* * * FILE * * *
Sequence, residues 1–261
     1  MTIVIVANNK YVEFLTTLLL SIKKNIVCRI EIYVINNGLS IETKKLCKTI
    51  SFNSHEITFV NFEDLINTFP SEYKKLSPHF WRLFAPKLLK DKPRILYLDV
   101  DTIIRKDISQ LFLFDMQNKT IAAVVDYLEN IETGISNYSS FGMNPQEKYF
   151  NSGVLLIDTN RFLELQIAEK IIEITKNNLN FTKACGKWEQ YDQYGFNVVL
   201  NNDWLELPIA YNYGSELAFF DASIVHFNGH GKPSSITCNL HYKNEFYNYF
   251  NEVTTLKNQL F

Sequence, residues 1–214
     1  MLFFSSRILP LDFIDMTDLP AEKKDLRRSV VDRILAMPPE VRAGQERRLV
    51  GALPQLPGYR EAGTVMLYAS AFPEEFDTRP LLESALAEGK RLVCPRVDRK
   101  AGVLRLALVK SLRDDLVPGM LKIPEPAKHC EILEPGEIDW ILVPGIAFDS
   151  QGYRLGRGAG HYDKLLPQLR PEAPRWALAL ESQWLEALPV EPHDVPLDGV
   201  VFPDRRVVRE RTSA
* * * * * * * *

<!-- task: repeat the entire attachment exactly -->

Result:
Sequence, residues 1–261
     1  MTIVIVANNK YVEFLTTLLL SIKKNIVCRI EIYVINNGLS IETKKLCKTI
    51  SFNSHEITFV NFEDLINTFP SEYKKLSPHF WRLFAPKLLK DKPRILYLDV
   101  DTIIRKDISQ LFLFDMQNKT IAAVVDYLEN IETGISNYSS FGMNPQEKYF
   151  NSGVLLIDTN RFLELQIAEK IIEITKNNLN FTKACGKWEQ YDQYGFNVVL
   201  NNDWLELPIA YNYGSELAFF DASIVHFNGH GKPSSITCNL HYKNEFYNYF
   251  NEVTTLKNQL F

Sequence, residues 1–214
     1  MLFFSSRILP LDFIDMTDLP AEKKDLRRSV VDRILAMPPE VRAGQERRLV
    51  GALPQLPGYR EAGTVMLYAS AFPEEFDTRP LLESALAEGK RLVCPRVDRK
   101  AGVLRLALVK SLRDDLVPGM LKIPEPAKHC EILEPGEIDW ILVPGIAFDS
   151  QGYRLGRGAG HYDKLLPQLR PEAPRWALAL ESQWLEALPV EPHDVPLDGV
   201  VFPDRRVVRE RTSA